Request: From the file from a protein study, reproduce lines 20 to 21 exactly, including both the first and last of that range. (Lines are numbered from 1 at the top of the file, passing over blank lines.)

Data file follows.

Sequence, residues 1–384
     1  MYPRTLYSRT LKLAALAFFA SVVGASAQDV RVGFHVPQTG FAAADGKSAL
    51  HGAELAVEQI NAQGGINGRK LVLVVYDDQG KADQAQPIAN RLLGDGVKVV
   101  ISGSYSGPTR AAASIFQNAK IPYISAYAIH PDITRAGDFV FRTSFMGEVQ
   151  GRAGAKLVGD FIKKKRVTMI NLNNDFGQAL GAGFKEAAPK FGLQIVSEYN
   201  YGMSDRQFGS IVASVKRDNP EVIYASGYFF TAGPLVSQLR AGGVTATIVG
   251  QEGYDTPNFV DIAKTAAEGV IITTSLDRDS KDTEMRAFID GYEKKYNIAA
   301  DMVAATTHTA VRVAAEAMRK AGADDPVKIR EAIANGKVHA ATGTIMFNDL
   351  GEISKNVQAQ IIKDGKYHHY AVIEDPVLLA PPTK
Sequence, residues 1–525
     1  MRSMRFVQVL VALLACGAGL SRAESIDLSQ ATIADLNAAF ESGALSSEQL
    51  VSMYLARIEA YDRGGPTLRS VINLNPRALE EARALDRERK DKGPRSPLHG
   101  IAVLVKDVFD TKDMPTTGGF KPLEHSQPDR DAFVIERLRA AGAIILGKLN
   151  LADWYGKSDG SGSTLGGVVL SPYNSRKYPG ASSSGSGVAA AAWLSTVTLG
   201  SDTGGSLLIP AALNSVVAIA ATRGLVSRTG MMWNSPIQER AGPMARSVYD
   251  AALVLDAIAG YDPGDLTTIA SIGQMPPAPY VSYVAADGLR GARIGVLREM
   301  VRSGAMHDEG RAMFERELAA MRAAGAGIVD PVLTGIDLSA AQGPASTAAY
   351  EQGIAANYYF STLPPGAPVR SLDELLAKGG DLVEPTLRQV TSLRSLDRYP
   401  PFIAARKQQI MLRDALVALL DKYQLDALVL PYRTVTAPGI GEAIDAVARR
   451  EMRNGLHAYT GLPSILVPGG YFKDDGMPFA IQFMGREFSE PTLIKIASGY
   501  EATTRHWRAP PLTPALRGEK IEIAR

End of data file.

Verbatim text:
   451  EMRNGLHAYT GLPSILVPGG YFKDDGMPFA IQFMGREFSE PTLIKIASGY
   501  EATTRHWRAP PLTPALRGEK IEIAR